When it comes to launching a startup, progress can sometimes feel frustratingly slow. Despite doing 101 things every day, it can feel like you’re never moving forward quickly enough. Patience, our dear friends, is key in the early days of a business. But yes, there are a couple of things which can help kick start faster growth.
Limit your offerings
If you are busy trying to perfect 10 different products or services, it can end up slowing you down. And, this can also mean that you’re offering 10 things which aren’t as good as they can be, because you’re rushing.
Launching with a smaller list gives you a better chance of getting them perfect before moving onto the next project.
An golden example of this in practice can often be found in the food service industry. Smaller restaurants tend to go with smaller menus, as having too many options can cause problems. Smaller restaurants with large menus end up overwhelmed, and not operating very efficiently because ingredients go to waste if they aren’t being ordered regularly.
Focus on a small number of projects and doing them well; it’ll generally cost less and be more manageable for your team.
Don’t delay your marketing
It’s definitely tempting to delay any investment in marketing until you start turning over a profit. But ask yourself, how do you plan to reach those profits if your customers don’t know about you? You’ll hit those targets much faster if you’re making some investment in marketing and getting your name out there sooner, rather than later.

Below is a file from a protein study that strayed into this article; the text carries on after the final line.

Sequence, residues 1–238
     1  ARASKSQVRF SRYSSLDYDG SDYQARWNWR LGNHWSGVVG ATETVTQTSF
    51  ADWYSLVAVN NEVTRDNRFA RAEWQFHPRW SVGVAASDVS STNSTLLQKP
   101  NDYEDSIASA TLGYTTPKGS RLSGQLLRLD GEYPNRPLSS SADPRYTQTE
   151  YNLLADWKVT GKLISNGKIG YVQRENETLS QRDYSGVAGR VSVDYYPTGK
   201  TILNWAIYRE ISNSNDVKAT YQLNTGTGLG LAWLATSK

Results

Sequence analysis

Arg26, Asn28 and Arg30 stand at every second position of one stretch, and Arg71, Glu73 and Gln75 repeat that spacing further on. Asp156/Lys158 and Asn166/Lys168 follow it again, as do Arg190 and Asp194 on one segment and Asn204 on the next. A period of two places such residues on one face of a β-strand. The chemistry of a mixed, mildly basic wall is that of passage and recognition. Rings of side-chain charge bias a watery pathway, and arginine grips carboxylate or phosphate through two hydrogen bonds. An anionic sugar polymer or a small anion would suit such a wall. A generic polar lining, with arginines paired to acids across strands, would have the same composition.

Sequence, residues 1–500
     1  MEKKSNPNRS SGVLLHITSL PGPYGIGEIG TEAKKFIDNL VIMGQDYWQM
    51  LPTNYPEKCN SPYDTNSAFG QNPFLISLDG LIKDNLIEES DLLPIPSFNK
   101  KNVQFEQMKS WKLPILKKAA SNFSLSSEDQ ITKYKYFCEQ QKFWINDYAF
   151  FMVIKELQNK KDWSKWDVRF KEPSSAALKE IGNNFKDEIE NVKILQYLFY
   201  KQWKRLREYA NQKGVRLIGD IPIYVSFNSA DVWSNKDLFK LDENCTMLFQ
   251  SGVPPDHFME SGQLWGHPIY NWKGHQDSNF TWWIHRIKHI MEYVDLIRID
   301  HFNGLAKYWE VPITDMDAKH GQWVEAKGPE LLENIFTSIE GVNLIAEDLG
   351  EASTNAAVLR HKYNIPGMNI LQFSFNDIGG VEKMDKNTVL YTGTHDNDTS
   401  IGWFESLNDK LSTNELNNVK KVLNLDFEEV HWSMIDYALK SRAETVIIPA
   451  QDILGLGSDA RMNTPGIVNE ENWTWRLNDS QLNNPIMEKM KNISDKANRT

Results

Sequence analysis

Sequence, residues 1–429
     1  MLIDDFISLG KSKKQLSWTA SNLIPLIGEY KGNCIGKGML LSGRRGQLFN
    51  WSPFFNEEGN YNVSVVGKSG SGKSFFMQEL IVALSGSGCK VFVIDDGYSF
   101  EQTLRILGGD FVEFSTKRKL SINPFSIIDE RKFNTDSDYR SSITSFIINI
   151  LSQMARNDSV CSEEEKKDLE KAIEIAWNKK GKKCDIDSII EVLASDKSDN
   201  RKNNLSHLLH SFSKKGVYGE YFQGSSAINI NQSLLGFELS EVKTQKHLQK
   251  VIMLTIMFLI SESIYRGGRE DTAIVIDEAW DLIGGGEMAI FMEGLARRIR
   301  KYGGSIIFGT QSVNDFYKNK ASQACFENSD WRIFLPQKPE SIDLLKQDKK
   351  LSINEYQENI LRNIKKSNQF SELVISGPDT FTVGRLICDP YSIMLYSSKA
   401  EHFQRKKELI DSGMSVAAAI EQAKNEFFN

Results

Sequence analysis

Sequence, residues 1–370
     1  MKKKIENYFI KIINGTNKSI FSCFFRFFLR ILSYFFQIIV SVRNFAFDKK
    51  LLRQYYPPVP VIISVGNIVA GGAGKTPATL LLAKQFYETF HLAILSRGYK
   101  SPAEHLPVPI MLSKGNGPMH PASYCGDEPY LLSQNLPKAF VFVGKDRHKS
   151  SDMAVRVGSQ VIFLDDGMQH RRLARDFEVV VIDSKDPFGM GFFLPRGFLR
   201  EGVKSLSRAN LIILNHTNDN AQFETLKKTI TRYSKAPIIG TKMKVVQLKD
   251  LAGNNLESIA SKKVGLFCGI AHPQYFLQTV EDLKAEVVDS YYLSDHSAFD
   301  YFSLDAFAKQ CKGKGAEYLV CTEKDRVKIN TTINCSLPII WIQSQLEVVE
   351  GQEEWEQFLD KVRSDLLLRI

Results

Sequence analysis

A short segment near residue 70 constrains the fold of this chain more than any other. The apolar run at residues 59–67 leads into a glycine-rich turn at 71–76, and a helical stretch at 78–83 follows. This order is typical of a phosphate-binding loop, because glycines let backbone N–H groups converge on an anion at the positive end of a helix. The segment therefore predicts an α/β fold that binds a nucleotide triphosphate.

While you don’t have to spend thousands on adverts, spending some time and/or money developing your online presence, including social media, content creation, networking and SEO, will help you get the ball rolling.
It’s tempting to splash out in the early days. Lots of us want the slick office and the fancy accessories that make us look like a player, but in most cases it’s unnecessary and often way too soon.
It’s vital to keep your expenses as low as possible in order to turn a profit sooner. While this doesn’t mean avoiding all spending, it does mean avoiding unnecessary purchases of new equipment, or even hiring permanent staff before you can afford to. Which brings us to…
Similar to the point above, staffing costs are one of the big costs associated with doing business. If you need to keep your outgoings low in the beginning, hiring remote workers and freelancers could be just the ticket.
Freelancers are handy because you don’t have to pay a full-time permanent salary. You can hire them as and when needed, working in-line with your cash flow.
Remote workers, even if permanent, can also help you save money. If everyone works at home, including yourself, this can be a massive saving on renting office space and all the furniture to go in it.
There’s always the option to get an office at a later date, but saving in the early days can help you grow faster without unnecessary expenses holding you back.
With the COVID-19 crisis, more and more businesses are realising that they can operate remotely. Whether this has a lasting effect on the business world or job market remains to be seen but it could be a good way to keep overheads low in the future.
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